It’s a crime what passes for ebooks: The same ol’ text digitized and spat back out again. Zzzz. With all of the technology in our pockets these days is this really the best we can do? What about the dreams of Microsoft Encarta and the multi-media revolution of the 90s?
Fortunately, the popularity of the iOS platform (and iPad in specific) have reopened minds to new ways of consuming the same old media. 955 Dreams’ The History of Jazz and On the way to Woodstock bring us back to that dream of the early 1990s when books, video, music, and interactivity could let us explore a topic or story as active participants rather than passive consumers. Now we have Square Enix’s Imaginary Range: A comic book app that shows you need not be educational to enjoy the benefits of a multimedia “book”.
Imaginary Range HD, for iPads running iOS 3.2 or better, takes your standard digitized comic book, adds a motion comic mode, sprinkles in a handful of mini-games, and pours over a delicious sauce of new age music.
Swiping left and right moves you through the story panel by panel or, if you prefer, page by page. The panel view mode is obviously the preferred method of use as it not only adds ‘motion comic’ effects such as parallax scrolling and screen shake, but sometimes contains hidden logos which can be circled for coins. Occasionally, you will be prompted with an action icon. This is your cue to play a short, easy game. These range from seek-n-finds, to slider puzzles, to a Flight Control clone where you guide missiles at the weak point of a giant alien walker. The games are just engaging enough to make for a nice break and are inserted at points where they add, rather than detract, from the experience; ‘Power up’ or combat sequences, for example. These mini games will also award you coins. Coins can then be spent in the Gallery section to purchase scratch off tickets for a chance to ‘win’ the honor of viewing concept artwork. The mini games themselves are also repayable upon completion of the story.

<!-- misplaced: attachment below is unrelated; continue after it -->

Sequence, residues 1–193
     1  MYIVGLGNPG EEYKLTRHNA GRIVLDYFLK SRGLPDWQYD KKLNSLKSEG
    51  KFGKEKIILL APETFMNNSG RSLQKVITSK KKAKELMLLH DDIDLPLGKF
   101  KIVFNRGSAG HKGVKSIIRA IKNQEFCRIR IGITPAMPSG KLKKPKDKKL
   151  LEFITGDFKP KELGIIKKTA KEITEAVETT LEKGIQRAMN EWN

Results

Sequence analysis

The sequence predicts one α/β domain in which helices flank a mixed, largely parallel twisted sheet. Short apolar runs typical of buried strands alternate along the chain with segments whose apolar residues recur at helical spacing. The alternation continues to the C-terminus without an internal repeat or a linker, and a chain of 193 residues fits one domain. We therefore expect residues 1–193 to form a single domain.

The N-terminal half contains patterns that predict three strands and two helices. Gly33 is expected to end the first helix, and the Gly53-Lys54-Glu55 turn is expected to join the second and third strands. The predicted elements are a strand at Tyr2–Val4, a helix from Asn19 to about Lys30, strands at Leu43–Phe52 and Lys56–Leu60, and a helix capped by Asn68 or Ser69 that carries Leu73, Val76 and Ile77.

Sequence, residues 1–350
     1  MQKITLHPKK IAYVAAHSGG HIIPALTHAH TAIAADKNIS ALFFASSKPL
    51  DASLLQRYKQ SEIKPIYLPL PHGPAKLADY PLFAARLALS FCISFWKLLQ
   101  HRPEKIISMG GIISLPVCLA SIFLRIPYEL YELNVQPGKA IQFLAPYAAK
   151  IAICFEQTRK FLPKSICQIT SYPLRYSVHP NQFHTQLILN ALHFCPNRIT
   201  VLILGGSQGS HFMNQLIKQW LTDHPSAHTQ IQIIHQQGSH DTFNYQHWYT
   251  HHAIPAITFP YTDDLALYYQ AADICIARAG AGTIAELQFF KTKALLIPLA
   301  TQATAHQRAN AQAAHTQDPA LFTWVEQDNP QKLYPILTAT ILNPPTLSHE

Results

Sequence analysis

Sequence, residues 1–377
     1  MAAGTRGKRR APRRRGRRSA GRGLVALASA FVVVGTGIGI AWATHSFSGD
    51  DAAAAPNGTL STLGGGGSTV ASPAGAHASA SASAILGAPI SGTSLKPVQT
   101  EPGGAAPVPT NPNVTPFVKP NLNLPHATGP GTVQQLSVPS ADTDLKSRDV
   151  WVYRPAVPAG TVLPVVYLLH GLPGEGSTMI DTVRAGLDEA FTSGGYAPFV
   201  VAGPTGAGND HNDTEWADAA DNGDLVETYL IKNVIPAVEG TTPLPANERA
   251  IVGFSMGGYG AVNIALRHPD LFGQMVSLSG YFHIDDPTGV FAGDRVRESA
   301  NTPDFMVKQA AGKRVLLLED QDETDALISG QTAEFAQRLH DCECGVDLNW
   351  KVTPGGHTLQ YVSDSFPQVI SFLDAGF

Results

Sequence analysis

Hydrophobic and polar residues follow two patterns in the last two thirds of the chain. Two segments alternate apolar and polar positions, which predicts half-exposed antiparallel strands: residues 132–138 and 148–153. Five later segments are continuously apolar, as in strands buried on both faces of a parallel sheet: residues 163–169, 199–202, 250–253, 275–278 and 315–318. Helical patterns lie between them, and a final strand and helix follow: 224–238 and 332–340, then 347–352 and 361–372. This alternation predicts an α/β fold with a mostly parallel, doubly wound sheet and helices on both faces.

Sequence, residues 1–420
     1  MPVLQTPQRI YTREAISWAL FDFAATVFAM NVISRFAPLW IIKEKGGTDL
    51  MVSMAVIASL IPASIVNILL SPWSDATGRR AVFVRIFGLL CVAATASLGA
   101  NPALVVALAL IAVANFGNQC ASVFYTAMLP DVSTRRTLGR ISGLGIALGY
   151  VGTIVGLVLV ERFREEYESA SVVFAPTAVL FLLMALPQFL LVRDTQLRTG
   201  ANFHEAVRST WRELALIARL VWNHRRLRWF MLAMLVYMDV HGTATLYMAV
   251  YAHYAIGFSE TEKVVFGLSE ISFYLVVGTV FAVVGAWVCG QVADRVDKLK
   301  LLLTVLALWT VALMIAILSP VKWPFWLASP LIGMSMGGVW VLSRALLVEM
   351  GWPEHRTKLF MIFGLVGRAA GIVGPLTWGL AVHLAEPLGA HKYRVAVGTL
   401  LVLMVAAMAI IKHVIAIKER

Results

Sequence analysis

The actual content of Imaginary Range is a little suspect, however. In true ‘Episode 1!’ flavor, it throws you right into the thick of the action and only vaguely hints at Mysterious Pasts. Despite some foreboding quotes from the characters and a particularly bleak opening, Imaginary Range appears to be a rather light hearted affair. The schizophrenic feel of the title can be explained away somewhat by the end of the story, but IR still feels like it is trying to figure out what it wants to be. What never disappoints is the soundtrack. Imaginary Range’s smooth New Age ‘Trance’ styled techno music is the perfect accompaniment to reading the comic sections and features faster paced, yet stylistically coherent, tracks for the game sections.
Oh, and Imaginary Range is free. Yeah, free. One of my favorite features in a piece of software.
I absolutely love the format of Imaginary Range and look forward to seeing how this series evolves in the future. I would definitely sign on the line now to spend a couple of bucks a month for new episodes. Unfortunately, Square Enix has a reputation for HORRIBLY over pricing their software and I am terrified what they will charge. But that’s later. Today, Imaginary Range is free, fun, and a tantalizing glimpse at what could be the future of the medium.